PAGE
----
Can I be honest about your writing? (Part 5 – Could you provide examples of suckness?)

Tell the same story better

Part 1 – Oh, the Vanity of it all! of this multi-post arc dealt with some folks I knew who vanity published their books back when we called vanity publishers “vanity publishers”.
Part 2 – Vanity/Self-Publishing provided an overview of Vanity and Self publishing.
Part 3 – What Camp Are You In? identified four reasons people consider self-publishing.
Part 4 – Pray thee, Joseph, 4 Y do these books suck? delved into editing that doesn’t help a book.

Can I provide specific examples from other authors, no. I may think a given author’s writing sucks or an individual piece of writing sucks and I still respect the fact that they’re putting something out, that they got off the couch.

General examples, sure:

  • No clear indication of who the main characters are by page 10/end of first chapter
  • No clear contract between author and reader by page 10/end of first chapter
  • Poor or no recognizable editing (Note: the best editing disappears completely)
  • No clear indication of what the characters want by page 10/end of first chapter
  • Story starts too far away from the action to catch the reader’s interest
  • Unbelievable/improbable setting
  • Narration/Exposition lead and/or talking heads
  • No tension
  • Uninteresting/boring characters
  • Over use and/or under use of attributions (“speech tags”)
  • Improper punctuation (not to be confused with writing styles such as Charles Frazier’s or Cormac McCarthy’s)
  • The author’s so intent on making their point they don’t tell a good story (aka The Decapitation Project Syndrome)
  • Non-moving story (often due to poor editing, story sections that don’t move the story forward)

And those are starters.

How about some examples from your own work, Joseph?
Glad you asked and happy to. Here are three examples of stories starting too far from the action to catch the reader’s interest (a nod to my Great Opening Lines posts and please remember, I’m not claiming the fixes are perfect, only that they’re better than the originals). Note that the before and after text appear in a single popup. Make sure you allow popups in order to see the edits.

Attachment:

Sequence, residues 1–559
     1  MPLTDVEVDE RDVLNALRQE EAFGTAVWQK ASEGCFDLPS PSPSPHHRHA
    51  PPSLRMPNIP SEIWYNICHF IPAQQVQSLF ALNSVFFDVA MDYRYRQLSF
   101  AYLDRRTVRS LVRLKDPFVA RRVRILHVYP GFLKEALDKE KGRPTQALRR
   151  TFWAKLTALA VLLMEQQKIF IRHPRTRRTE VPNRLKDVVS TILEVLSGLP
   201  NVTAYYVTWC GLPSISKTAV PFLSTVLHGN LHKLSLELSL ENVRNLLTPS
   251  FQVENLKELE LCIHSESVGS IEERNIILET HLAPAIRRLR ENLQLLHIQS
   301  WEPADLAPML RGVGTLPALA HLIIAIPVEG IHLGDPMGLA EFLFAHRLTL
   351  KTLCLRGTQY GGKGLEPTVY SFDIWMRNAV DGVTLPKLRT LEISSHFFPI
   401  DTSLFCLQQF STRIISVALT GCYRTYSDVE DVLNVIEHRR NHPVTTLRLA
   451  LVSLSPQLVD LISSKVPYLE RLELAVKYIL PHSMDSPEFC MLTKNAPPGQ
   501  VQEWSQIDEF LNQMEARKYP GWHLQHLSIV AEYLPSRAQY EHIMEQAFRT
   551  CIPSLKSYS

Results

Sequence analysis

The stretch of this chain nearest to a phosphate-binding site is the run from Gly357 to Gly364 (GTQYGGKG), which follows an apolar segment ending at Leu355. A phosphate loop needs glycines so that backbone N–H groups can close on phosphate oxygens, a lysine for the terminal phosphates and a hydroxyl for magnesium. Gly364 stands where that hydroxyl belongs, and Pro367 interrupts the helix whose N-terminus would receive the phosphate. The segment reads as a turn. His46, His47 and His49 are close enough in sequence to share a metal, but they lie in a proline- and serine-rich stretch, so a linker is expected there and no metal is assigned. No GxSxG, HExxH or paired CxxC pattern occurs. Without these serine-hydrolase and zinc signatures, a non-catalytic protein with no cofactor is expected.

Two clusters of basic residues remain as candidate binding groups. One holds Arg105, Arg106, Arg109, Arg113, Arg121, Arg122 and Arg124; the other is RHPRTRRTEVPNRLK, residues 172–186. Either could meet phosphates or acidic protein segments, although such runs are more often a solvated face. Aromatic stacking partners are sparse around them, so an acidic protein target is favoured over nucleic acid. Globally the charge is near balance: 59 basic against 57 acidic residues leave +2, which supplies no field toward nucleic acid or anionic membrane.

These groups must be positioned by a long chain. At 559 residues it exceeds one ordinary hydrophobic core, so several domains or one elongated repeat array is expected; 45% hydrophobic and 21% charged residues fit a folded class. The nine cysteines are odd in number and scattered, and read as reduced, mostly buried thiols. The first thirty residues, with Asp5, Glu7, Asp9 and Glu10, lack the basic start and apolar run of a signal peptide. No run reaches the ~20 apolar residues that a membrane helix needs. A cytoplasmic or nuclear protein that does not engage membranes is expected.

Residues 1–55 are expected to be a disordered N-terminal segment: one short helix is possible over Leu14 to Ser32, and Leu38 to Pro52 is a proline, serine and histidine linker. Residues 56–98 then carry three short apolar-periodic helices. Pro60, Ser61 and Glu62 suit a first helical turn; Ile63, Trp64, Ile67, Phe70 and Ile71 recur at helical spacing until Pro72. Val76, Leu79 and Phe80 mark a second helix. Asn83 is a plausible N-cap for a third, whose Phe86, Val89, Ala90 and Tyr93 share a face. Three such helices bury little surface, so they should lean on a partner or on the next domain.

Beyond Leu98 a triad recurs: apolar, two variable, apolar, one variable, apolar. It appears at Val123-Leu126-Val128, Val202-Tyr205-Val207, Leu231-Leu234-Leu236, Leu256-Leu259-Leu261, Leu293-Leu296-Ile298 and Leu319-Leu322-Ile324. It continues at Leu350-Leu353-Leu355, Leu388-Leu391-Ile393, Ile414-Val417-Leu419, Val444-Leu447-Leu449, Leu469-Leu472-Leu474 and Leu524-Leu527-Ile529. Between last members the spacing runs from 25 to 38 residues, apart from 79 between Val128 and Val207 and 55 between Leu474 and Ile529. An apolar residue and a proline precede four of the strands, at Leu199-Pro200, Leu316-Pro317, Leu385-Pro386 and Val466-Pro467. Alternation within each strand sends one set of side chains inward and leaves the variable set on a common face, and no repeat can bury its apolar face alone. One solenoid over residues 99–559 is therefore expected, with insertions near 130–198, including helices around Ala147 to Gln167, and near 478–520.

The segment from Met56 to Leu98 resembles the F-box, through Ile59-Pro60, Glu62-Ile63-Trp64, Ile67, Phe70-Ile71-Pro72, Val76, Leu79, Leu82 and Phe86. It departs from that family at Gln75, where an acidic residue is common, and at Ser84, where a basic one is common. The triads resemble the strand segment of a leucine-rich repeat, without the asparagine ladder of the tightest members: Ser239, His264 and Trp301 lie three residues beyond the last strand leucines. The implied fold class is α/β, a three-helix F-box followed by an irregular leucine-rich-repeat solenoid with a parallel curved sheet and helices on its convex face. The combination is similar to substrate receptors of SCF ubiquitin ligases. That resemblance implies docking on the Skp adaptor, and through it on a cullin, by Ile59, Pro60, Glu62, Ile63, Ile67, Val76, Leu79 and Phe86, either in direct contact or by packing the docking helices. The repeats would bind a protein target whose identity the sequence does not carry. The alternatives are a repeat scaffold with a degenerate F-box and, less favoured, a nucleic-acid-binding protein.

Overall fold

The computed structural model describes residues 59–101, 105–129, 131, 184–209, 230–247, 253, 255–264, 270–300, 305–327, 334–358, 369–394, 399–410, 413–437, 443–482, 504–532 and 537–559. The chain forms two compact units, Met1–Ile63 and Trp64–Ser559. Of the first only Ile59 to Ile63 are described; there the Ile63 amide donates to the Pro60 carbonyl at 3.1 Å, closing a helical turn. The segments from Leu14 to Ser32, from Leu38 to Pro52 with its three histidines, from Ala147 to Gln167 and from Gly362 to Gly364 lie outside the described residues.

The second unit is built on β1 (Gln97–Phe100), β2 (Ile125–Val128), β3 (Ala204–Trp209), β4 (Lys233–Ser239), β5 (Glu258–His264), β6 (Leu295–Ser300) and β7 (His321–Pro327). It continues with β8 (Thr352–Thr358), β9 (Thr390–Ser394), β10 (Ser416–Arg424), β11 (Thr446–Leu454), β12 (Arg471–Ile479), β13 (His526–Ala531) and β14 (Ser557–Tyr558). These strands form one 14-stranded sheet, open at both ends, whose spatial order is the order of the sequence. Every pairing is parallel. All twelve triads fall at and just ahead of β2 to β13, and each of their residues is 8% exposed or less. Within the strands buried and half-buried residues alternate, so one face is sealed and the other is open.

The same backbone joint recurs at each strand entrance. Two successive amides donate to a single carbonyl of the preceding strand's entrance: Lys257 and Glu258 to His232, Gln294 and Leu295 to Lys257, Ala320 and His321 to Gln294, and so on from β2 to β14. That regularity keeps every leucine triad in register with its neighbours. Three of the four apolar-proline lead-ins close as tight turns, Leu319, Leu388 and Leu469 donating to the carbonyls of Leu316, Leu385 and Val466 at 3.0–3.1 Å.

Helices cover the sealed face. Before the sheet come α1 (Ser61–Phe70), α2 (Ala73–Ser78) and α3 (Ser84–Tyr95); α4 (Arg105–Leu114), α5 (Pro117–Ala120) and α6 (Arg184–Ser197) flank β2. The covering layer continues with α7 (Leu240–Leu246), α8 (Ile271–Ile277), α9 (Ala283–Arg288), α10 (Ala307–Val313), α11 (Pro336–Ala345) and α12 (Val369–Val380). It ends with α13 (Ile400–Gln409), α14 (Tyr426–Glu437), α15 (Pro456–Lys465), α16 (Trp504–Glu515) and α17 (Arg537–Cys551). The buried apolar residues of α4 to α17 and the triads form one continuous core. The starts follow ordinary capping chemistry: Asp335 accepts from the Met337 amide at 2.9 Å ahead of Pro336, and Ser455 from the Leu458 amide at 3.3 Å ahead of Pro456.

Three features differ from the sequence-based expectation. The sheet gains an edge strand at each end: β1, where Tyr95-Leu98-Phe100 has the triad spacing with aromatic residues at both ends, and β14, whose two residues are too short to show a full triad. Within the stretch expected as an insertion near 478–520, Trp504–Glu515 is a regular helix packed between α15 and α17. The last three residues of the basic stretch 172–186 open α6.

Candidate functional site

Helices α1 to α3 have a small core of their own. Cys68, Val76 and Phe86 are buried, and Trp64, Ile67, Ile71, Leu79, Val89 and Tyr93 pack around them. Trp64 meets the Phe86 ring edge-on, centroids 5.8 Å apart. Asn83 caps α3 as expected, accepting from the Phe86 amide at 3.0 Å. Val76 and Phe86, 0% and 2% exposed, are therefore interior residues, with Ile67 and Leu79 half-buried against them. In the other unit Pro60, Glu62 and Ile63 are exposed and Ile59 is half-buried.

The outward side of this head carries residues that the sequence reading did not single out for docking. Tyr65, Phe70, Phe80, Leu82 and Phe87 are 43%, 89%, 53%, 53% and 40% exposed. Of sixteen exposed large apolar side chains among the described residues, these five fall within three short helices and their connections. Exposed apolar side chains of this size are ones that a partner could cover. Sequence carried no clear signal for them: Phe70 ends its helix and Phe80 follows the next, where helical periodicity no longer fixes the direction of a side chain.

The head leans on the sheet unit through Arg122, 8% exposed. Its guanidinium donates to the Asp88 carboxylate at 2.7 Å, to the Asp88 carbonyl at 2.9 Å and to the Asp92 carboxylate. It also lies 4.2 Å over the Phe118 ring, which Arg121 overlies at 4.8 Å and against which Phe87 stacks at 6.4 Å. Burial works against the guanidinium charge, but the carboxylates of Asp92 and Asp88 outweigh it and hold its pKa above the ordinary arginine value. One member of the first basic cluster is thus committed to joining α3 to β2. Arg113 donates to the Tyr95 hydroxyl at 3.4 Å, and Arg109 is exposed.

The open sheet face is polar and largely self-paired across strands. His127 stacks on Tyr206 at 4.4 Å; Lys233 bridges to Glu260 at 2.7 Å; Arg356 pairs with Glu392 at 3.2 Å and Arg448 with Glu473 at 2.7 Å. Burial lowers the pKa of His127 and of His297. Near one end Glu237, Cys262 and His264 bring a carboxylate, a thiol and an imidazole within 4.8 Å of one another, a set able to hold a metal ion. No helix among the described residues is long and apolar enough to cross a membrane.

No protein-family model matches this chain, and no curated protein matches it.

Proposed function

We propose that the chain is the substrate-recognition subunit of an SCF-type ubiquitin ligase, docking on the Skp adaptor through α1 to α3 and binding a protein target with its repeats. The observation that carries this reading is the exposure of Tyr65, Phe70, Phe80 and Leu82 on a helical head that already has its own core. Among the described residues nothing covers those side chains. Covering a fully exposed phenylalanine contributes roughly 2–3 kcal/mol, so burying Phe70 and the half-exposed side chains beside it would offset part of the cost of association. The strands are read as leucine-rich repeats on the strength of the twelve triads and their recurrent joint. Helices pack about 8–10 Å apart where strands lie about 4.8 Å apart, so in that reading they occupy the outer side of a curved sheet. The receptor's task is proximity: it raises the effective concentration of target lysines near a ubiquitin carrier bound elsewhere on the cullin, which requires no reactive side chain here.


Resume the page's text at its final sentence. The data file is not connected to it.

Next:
• Empty Sky, self-published and I’m re-editing it. You should still buy a copy. Then buy a copy when I’m finished with the re-edit so you can see how much my writing’s improved (if at all)). – Empty Sky Example
    The new version is better because:
    • The story’s two main characters, Jamie and Shem, are right up front in the first sentence. Who will do the most changing? Who will have the most to win or lose? Shem and Jamie.
    • We know their relationship in a few short sentences – Jamie cares for and trusts Shem.
    • A promise is made to the reader – Shem knows something Jamie doesn’t, they’ll both investigate and they’ll do it in the woods on a moonlit night (ooh, scary scary!) – the promise is “If you want to know what Shem and Jamie are getting into, keep reading and I’ll show you.”
  • Cicatrix, a current work in progress, originally started with the main character having a nervous breakdown. Definitely tension, except I didn’t give the reader a chance to know the character enough to care. – Cicatrix Example
    The new version is better because:
    • Nothing really happens in the old version. I can give it is a C+ for effort as a character study.
    • We know the main character in the first sentence.
    • We know he’s lost, definitely geographically and from the rest of the text we can guess that he’s a little odd.
    • We know his dog is going to play an important role.
    • We know he and the dog have a problem – a destination – that technology won’t solve for them – can’t find. In fact, where he’s going is so out of technology’s reach that it’s “…not on any known map.”
    • We make a promise to the reader that the protagonist will solve his problem without technology: He takes control of the car by saying “Manual mode.”

    Same basic info, presented much better, don’t you think? (and do tell. I honestly want to know).

  • Another work in progress, “The Tomb” originally started with secondary characters spelunking; an activity that never reappears in the story and is predicatory only in that it gets an antagonist into the story. – The Tomb Example
    The new version is better because:
    • The original is poorly written and boring. Nothing’s happening to drive the story forward, no tension, no real conflict.
    • The rewrite places the protagonist in the first sentence.
    • We know several critical facts about the protagonist in the same number of paragraphs that originally went nowhere.
    • A challenge and a possible conflict are presented.
    • We know the protagonist has some gallows humor about his situation.

Are the rewrites better? You tell me. I’d love to know your opinion.

It takes a willing eye to critique your own work. It also takes an educated eye (my opinion, that).

Okay enough about me.

Next up – opinions versus facts.